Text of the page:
Burberry says it will “take time to heal” after virus as Q4 sales slump 27%

Burberry

Burberry CEO Marco Gobbetti has warned it will take time for the luxury fashion brand to “heal” from the impact of coronavirus after it caused Q4 sales to tumble.

Burberry said total sales slid by 27% in the three months to March after 60% of its stores were forced to shut their doors.

“It will take time to heal but we are encouraged by our strong rebound in some parts of Asia and are well-prepared to navigate through this period,” said Gobbetti.

The British luxury fashion house said it saw “strong momentum”, with sales ahead of expectations, before the virus impacted retailers.

It said it has taken a £241 million hit as a result of the pandemic, including £68 million related to stock.

Gobbetti added: “Now, more than ever, our strategy to secure our position in luxury fashion is key. We have taken swift action to mitigate the financial impact on our business, while prioritising the safety and wellbeing of our teams and customers.

“We have a strong balance sheet and liquidity, with space for investment when markets recover.”

The update came as the firm revealed that pre-tax profits for the year to March fell by 62% to £169 million on revenues down 3% at £2.6bn.

Analyst reaction

Helal Miah, investment research analyst at The Share Centre, said: “It has been a turbulent year for Burberry mainly due to external factors.

“While it handled the disturbances from the Hong Kong protests well, there was no way of skipping around the Covid-19 outbreak which first hit the Far East, one of its most important markets.

“Despite a dividend cut, investors have now priced this in as now the norm and some encouragement will be taken from the most recent update on trading activity in the Far East where April sales are ahead of the prior year.”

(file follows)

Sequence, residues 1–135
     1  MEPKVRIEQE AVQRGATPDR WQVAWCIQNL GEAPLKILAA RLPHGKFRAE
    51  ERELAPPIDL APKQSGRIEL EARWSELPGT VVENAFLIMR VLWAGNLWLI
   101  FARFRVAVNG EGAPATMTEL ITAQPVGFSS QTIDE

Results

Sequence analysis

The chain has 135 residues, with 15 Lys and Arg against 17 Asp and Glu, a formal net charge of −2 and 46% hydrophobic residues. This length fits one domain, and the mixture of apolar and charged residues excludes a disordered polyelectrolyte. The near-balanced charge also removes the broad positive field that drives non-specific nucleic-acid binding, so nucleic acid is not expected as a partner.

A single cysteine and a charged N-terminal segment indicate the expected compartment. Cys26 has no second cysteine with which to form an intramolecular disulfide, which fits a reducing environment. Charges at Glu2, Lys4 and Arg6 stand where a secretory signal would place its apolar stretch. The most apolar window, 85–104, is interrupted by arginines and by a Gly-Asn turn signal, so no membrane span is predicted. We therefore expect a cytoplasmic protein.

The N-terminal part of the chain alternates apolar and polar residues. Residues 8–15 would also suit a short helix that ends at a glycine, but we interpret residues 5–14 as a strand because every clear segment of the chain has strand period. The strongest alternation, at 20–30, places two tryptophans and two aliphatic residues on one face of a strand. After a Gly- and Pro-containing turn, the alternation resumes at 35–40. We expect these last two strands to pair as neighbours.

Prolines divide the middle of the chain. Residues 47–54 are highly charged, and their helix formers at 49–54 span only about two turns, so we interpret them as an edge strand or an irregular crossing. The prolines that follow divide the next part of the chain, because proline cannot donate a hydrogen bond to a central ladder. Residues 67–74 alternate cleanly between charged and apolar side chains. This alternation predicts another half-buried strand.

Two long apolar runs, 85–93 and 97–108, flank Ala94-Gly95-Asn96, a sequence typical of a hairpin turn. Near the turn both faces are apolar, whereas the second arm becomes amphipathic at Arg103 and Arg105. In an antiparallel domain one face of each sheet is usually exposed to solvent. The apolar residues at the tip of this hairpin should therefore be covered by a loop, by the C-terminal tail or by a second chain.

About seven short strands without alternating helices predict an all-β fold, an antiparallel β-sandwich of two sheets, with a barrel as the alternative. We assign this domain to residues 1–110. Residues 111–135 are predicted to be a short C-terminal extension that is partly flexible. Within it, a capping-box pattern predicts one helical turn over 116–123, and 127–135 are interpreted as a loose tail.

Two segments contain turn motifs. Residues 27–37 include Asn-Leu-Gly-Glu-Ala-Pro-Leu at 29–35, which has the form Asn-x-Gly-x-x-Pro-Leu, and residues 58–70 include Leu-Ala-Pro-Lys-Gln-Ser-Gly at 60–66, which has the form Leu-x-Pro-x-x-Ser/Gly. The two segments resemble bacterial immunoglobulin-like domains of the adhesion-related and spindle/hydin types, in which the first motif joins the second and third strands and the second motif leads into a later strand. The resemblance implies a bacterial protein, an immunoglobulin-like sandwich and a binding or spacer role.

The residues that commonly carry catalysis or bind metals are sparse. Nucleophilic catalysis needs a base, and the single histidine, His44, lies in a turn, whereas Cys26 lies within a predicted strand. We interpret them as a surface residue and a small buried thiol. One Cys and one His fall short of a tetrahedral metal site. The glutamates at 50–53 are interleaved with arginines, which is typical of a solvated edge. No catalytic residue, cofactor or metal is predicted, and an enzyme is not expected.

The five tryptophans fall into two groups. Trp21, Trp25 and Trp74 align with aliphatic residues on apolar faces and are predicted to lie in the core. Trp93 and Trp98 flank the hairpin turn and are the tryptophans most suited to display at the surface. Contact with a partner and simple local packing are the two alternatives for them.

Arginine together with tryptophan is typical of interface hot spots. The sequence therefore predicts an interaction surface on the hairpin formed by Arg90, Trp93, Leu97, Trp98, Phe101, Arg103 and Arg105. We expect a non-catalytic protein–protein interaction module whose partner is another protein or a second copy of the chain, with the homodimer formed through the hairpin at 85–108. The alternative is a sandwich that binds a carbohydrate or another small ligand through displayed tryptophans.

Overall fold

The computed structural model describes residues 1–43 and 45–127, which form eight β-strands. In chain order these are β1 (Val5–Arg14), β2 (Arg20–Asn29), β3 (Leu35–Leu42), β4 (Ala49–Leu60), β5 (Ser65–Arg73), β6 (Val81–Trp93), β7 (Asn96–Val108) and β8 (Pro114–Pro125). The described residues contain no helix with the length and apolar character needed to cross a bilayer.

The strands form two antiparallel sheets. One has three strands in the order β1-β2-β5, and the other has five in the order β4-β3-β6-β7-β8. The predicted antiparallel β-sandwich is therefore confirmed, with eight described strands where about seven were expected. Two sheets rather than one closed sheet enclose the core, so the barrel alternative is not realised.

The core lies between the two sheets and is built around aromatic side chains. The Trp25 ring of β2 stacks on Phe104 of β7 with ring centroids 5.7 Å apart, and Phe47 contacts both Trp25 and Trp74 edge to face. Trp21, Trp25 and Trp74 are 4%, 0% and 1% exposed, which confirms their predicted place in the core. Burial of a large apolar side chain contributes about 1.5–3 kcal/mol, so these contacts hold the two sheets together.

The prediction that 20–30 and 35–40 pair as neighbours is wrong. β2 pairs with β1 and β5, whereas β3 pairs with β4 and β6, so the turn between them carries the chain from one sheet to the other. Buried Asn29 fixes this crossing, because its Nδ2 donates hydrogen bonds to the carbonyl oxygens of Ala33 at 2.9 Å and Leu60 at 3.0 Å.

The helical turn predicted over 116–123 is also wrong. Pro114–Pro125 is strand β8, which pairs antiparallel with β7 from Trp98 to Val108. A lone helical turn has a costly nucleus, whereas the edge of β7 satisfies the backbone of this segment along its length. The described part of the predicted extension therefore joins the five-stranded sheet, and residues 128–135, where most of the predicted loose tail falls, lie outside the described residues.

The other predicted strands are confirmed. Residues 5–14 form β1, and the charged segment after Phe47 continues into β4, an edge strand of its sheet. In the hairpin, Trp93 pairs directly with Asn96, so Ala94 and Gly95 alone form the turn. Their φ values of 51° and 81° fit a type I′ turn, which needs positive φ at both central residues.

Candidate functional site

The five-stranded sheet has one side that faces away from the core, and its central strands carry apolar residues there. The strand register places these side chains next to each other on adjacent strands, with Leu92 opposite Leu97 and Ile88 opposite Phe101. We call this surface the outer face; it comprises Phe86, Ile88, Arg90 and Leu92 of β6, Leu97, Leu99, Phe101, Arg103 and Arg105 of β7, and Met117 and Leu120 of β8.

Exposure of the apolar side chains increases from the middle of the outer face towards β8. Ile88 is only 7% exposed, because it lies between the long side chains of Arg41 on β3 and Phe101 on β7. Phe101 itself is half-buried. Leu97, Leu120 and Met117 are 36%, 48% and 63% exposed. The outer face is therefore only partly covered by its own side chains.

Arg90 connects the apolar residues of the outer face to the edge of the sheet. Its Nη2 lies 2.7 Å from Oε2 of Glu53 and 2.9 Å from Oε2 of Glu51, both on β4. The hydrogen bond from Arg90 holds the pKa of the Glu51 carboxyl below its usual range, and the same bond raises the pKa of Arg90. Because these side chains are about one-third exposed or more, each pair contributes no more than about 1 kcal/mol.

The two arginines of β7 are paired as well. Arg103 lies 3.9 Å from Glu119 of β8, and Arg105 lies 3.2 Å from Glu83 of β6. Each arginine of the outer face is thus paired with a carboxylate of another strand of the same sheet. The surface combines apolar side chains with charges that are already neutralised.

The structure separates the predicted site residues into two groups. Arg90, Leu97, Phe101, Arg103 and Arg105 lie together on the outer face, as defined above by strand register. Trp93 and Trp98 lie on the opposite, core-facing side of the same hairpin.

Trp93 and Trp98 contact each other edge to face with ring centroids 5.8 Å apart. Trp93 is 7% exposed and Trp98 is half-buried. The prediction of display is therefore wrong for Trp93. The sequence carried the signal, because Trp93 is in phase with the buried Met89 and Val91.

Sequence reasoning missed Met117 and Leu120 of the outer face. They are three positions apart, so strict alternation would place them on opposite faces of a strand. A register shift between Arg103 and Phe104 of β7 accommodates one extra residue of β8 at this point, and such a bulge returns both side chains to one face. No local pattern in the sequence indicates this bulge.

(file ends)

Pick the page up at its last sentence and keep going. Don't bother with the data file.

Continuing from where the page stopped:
Russell Pointon, Director & Head of Consumer, Edison Investment Research added: “Burberry’s full year results reflect the struggle the company has been going through over the past year on the back of lower demand in Asia due to the ongoing US-China trade tensions, the Hong Kong protests and the Coronavirus epidemic. The luxury giant saw its pre-tax profits fall to £169 million from £441 million and revenues fell 3% down to £2.6 billion.

“With these results, it comes as no surprise that, hoping to ensure liquidity, the company has decided to pull its dividend and review future pay-outs at the end of its 2021 year.

“Prior to the pandemic, Burberry, began to focus on leather goods and accessories in a bid to diversify their brand towards more resilient and growing sectors in the market and that has helped them navigate the current landscape. Although, they´ve had to put a hold on their plan to revive sales with star designer Ricardo Tisci, the opening of stores mainly in Asia should provide some comfort and hope for the company.

“With much of the world still in lockdown, and hence no open shops, turbulent times still lie ahead for Burberry. Nevertheless, given its strong online offering as well as diversification of products, it will be interesting to see if consumers will continue buying online or potentially holding off from luxury during the coming months.”